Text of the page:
Regardless, the thing about Edna Krabapple having Bart Simpson write a sentence on the chalkboard over and over is that it doesn’t work. It’s not going to reform Bart, and it’s going to make him resent school, teachers, and exercises in cosmic futility. Luckily, that didn’t happen to me (except for resenting exercises in cosmic futility). I mostly enjoyed my K-12 education and benefitted from it, and after getting a bachelor’s and master’s degree I’m currently employed in a profession I like. So why does this continue to stick in my craw?
I got a measure of clarity a few years ago when I visited that school for the first time since I left it in 1998. It was the end of summer, so the school was open for orientation and teachers meetings. My dad and I stopped by the administration offices first so I could ask permission to walk around and thus not become the pair of unknown men wandering an elementary school. The clutch of teachers chatting around the front desk asked who I was; I told them my name and those of my sisters, and one teacher said she remembered us. I rattled off the names of the teachers I had there over the years, and when I mentioned my third-grade teachers, specifically the one I disliked the most, one of the teachers present gave a look to another, as if to say: “Oh, that one…”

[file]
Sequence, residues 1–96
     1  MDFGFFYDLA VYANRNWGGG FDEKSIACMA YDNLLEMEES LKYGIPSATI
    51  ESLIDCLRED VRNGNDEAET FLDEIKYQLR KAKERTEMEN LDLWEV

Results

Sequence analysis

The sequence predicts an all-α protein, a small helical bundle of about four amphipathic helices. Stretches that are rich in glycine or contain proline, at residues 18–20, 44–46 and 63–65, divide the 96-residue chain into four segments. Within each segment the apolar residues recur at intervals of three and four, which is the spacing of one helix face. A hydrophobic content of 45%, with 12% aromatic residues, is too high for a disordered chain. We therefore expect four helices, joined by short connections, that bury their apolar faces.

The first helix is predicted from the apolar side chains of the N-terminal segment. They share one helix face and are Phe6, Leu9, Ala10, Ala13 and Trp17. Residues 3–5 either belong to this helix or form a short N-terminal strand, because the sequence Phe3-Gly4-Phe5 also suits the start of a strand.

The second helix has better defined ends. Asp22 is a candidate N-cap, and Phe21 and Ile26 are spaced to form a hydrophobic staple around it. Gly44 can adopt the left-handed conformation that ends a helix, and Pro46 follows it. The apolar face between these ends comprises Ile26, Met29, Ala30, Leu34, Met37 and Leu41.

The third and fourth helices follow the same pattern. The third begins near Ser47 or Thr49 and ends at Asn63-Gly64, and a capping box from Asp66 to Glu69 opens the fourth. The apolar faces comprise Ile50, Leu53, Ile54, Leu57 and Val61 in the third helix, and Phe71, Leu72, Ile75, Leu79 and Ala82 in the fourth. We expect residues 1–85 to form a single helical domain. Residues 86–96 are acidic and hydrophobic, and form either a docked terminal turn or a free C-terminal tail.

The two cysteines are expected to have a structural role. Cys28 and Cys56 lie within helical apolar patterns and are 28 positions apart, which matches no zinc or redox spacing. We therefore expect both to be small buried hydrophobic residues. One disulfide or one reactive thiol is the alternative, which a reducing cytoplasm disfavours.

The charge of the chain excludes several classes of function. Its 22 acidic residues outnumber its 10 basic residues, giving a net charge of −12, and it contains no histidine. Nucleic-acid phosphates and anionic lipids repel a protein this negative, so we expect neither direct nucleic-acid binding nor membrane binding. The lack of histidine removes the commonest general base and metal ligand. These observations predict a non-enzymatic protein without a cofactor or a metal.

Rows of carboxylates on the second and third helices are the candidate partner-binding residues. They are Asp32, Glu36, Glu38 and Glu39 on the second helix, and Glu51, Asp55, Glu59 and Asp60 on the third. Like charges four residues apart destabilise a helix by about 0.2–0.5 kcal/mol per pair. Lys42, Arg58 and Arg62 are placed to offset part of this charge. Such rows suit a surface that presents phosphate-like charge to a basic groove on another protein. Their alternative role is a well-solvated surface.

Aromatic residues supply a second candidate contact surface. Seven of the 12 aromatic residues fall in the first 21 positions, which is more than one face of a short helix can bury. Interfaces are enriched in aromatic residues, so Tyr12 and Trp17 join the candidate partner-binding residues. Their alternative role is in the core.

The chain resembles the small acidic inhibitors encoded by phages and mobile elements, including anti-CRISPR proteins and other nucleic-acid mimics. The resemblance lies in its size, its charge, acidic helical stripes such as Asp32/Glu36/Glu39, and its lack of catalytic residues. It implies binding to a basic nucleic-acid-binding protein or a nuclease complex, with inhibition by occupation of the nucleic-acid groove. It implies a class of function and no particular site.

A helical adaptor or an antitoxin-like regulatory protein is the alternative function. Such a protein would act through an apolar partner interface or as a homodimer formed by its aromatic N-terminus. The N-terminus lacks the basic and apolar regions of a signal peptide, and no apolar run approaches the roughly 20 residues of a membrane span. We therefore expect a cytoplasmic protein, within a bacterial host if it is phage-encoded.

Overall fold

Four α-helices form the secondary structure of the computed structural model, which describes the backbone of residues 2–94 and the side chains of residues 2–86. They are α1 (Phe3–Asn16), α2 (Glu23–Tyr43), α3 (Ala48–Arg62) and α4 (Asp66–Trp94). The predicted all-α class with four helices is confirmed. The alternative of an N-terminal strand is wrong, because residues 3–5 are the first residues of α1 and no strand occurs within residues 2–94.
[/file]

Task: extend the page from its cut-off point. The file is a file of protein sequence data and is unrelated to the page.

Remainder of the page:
And suddenly I realized I, perhaps, wasn’t alone. Maybe Mrs. Three-Strikes had rubbed other teachers the wrong way too, made their lives unpleasant all those years ago. I greatly desired to share my tale of woe with those present, to commiserate and swap stories from the trenches, but decided against it. Instead, I wandered the empty halls, reminiscing about the many better times I’d had at the school that had hardly changed at all since I left it.
The library at the center of the school, now with newer books and no catalog, was still where my classmates and I had coveted Goosebumps books almost as much as Warheads candy. The gym, now seeming a lot smaller after I’d grown a foot or two, was still where once a year the wilderness of Jungle Day had reigned. The cafeteria, now with some upgraded kitchen appliances, was still where in fourth grade I lost in the sudden-death overtime finals of the all-school Geography Bee (congrats, Valerie). The computer lab, now replete with sleek, slim computers, was still where I learned how to use MS Paint on Windows 95.
It’s easy to look back through a telescope with the rose-colored lenses of memory and recall the good times, as I did while taking a literal walk through memory lane. But looking at specific moments through the wrong end of the telescope, as perhaps I’ve done with my misadventures in third grade, can produce a distorted view disproportionate to everything around it. My tenure at that school was one collective memory of many that came before and after. It was a single ring in a tree that’s still adding layers of experience—triumphs and disappointments and everything in between—from other kids who have walked the same hallways I did.
Still, I’ll bet they got to go to Field Day.